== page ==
HMS Hydra at Cape Bagur, 7 August 1807

On the evening of 6 August 1807 the 'Hydra', 38 guns, Captain George Mundy, drove three armed French vessels into the Catalan port of Bagur, a narrow rocky harbour defended by a tower and a battery. The following day he anchored off the entrance and opened fire on the Spanish works. The fire was returned but the reply presently slackened and boats were sent in under Lieutenant Edward O'Brien Drury, in spite of a hail of bullets. The seamen landed and rushed the battery, which was evacuated by the enemy as the storming column pressed in. A detachment was left to garrison the battery while the rest of the landing-party, covered by fire from 'Hydra', hurried forward towards the town, entered it, drove out the enemy and secured the French vessels. A galling fire was, however, maintained by such crews as had fled ashore and taken post on the heights overlooking the harbour. Nevertheless, the enemy vessels were carried off and the party at the battery re-embarked. The British loss in this gallant enterprise was absurdly small. Only one man was killed and six wounded. For his brave and skillful conduct, Drury was promoted to be Commander.

On a board on the back of the picture is the inscription; 'On August 6 the British 'Hydra' 38 guns, Captain George Mundy, cruising off Catalonia, chased into the Spanish harbour of Bagur an armed ship and two brigs. On the following morning these vessels were discovered lying under the protection of a battery. About 1 pm the 'Hydra' opened fire, which was quickly returned and followed by an hour's close action. A division of boats under Lieutenant E O'B Drury then left the British frigate and after a gallant attack captured the fort and in a short time the town. At 5.30 pm Lieutenant Drury gained entire possession of the vessels. The captured ships were the 'Principe', 'Eugenio', 'Bella Carolina' and 'Carmen del Rosario'. The British loss was one seaman killed and six wounded.'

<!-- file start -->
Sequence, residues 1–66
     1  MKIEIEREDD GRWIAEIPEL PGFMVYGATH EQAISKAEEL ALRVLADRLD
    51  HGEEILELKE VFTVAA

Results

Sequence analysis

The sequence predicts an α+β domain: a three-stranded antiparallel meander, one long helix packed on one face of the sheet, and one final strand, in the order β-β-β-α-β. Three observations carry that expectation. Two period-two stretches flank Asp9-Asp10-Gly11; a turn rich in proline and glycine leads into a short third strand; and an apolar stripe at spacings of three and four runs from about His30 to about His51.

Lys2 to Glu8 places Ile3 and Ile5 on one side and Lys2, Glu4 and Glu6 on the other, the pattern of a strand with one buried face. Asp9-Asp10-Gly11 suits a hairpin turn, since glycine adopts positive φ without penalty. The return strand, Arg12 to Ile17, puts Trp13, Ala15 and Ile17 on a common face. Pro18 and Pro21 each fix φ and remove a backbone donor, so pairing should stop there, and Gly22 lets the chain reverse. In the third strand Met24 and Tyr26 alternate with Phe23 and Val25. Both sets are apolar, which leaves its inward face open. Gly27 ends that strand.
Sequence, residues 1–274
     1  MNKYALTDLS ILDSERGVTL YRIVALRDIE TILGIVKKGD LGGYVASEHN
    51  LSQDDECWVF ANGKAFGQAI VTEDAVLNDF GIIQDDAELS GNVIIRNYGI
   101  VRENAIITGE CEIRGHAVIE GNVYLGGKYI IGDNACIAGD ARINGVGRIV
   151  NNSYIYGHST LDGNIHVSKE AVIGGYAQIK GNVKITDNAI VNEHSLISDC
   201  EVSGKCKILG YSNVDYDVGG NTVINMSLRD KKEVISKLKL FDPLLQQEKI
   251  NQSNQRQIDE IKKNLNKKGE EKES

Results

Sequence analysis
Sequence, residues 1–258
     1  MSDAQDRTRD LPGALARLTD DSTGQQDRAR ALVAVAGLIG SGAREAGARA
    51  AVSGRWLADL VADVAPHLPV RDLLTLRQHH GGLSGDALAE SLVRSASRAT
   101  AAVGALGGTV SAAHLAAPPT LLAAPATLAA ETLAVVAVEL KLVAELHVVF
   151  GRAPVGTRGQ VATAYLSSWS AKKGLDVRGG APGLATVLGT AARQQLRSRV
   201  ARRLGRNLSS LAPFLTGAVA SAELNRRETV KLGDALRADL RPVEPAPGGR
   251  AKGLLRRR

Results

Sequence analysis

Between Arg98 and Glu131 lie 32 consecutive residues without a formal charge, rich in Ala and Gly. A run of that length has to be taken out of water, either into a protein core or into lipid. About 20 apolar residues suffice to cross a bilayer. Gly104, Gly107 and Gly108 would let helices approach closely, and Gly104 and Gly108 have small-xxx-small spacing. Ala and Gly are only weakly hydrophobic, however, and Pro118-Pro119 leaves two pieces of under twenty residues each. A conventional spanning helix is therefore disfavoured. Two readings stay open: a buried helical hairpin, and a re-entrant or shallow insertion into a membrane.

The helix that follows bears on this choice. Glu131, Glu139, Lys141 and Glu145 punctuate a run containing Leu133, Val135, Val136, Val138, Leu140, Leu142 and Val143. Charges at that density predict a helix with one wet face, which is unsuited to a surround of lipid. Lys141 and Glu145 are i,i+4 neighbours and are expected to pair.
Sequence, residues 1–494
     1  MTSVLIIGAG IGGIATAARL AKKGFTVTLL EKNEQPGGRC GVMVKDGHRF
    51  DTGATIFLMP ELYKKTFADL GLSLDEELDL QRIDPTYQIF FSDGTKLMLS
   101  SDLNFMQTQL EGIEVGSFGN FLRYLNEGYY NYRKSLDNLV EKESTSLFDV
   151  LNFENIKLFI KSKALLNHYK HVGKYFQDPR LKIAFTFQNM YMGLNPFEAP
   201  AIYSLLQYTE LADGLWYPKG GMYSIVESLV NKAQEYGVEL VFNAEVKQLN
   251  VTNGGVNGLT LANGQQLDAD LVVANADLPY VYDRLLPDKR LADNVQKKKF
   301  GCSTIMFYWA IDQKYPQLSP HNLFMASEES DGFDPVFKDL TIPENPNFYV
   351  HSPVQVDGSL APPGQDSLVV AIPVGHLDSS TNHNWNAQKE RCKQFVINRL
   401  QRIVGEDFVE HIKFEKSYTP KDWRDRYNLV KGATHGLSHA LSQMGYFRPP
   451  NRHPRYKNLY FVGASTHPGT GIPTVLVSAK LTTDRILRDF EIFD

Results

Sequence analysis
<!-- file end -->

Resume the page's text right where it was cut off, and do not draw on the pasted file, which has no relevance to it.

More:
The painting shows the harbour of Bagur with the rocky coast and tower on the left in the background. 'Hydra' is in the centre of the painting in starboard-bow view, firing on her port side. A launch full of sailors rows in the foreground and 'Hydra' has booms rigged out for boats to both port and starboard. Another ship can be seen at the entrance to the harbour. The scene is one of calm.

The composition of this picture partly relates to George Chambers's 1832 version of the same action, lithographed by Paul Gauci in 1833 (see NMM print PAF4765), although which came first is not known. Chambers' painting was a pair to one of 'Hydra's' action of 1802 with the French 'Furet', also lithographed by Gauci, while this is the pair to BHC0572, a different interpretation of the 'Furet' action. A technically notable point in the representation of 'Hydra' is her repainting in this image with two broad ochre bands, rather than the one in BHC0572.

Object Details

ID: BHC0577
Collection: Fine art
Type: Painting
Display location: Not on display
Creator: British School, 19th century
Events: Napoleonic Wars, 1803-1815; Napoleonic Wars: Action in Burgur Harbour, 1807
Vessels: Hydra (1797)
Date made: After 1833
People: Ministry of Defence Art Collection
Credit: National Maritime Museum, Greenwich, London, Macpherson Collection
Measurements: Frame: 542 mm x 740 mm x 70 mm;Painting: 405 mm x 610 mm

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